Highlighting common threats as well as shared interests, the commander of U.S. Southern Command (SOUTHCOM), U.S. Navy Admiral Craig S. Faller, addressed military leaders at the annual South American Defense Conference (SOUTHDEC) held this year in Miami, Florida, August 17-18.
From combatting threats such as the ongoing COVID-19 pandemic; transnational criminal organizations trafficking in arms, humans, and drugs; to responding to natural disasters including hurricanes and the recent earthquake in Haiti on August 14, Adm. Faller stressed that these challenges are complex and interrelated, which is why everyone needs to work as a team
“That’s why SOUTHDEC is so important. It’s an opportunity for us to sync up, share best practices and lessons learned, and enhance interoperability,” Adm. Faller said. “By doing so, we’re getting to know each other even better, getting to speak the same language both literally and figuratively, so that we’ll all work together seamlessly when we need to.”
Military leaders from Brazil, Colombia, Ecuador, Guyana, Suriname, and Uruguay attended the conference in person, while those from Argentina, Bolivia, Chile, Paraguay, and Peru attended virtually.
“Due to geopolitical issues worldwide, the stationary orbit and the electromagnetic spectrum are of vital importance for the development and security of our country,” said Vice Admiral Jorge Cabrera, chief of the Joint Command of the Armed Forces of Ecuador, in regard to one of the topics discussed. “This motivates the implementation of defense policies that allow to sustain and control the rights of sovereignty and jurisdiction in this dimension.”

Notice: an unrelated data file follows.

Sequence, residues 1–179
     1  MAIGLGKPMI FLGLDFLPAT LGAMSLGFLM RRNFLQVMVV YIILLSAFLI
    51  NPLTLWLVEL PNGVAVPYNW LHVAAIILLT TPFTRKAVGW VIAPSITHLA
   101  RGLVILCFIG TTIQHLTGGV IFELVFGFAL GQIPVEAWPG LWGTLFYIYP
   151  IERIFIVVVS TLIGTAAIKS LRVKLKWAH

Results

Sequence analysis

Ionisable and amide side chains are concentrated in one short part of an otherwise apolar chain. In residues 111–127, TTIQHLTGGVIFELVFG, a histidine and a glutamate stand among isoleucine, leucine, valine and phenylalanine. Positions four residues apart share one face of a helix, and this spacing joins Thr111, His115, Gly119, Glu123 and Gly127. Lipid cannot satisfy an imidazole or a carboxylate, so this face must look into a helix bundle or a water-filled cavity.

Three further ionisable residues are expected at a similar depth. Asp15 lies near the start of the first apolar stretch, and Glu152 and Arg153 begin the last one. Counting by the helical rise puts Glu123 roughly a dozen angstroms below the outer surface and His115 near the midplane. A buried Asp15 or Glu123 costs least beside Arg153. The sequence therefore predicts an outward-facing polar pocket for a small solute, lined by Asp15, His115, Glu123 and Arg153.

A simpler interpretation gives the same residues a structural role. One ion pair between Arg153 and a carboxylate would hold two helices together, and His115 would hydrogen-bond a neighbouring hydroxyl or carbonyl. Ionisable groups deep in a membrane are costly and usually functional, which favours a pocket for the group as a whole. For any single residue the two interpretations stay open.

Among the briefings discussed were the emerging challenges of the space domain as well cyberwarfare. With an increase in space activities resulting in a congested domain which has threatened satellite communications and navigation systems, military leaders addressed how space will affect national security efforts in the long term.
“And I think that the study of cyberspace with all the possibilities that exist is extremely important in this day and age,” said General Gustavo Fajardo, commander of the Armed Forces of Uruguay. “Undoubtedly, in an electronic world the cybernetic world is a viable threat of the future, as seen today,” he added.
In what was a bittersweet moment, Adm. Faller remarked that SOUTHDEC 21 will be his last security conference as commander, as he is set to retire later this year.
“As I look around this room, I see more than just military partners. I see friends. Friends who I’ve developed personal relationships over the past three years at SOUTHCOM,” Adm. Faller said, thinking of such as Brazil and Colombia who he’s forged a special bond with, before mentioning the rest of the South American region involved in UNITAS — the world’s longest-running annual multinational maritime exercise. “I think of our interconnectedness — geographically, historically, and culturally. I think of our military professionalism, how we share democratic values, like rule of law, free and fair elections, gender equality, and human rights. And how we continue to earn the trust and legitimacy from the citizens of our nations.”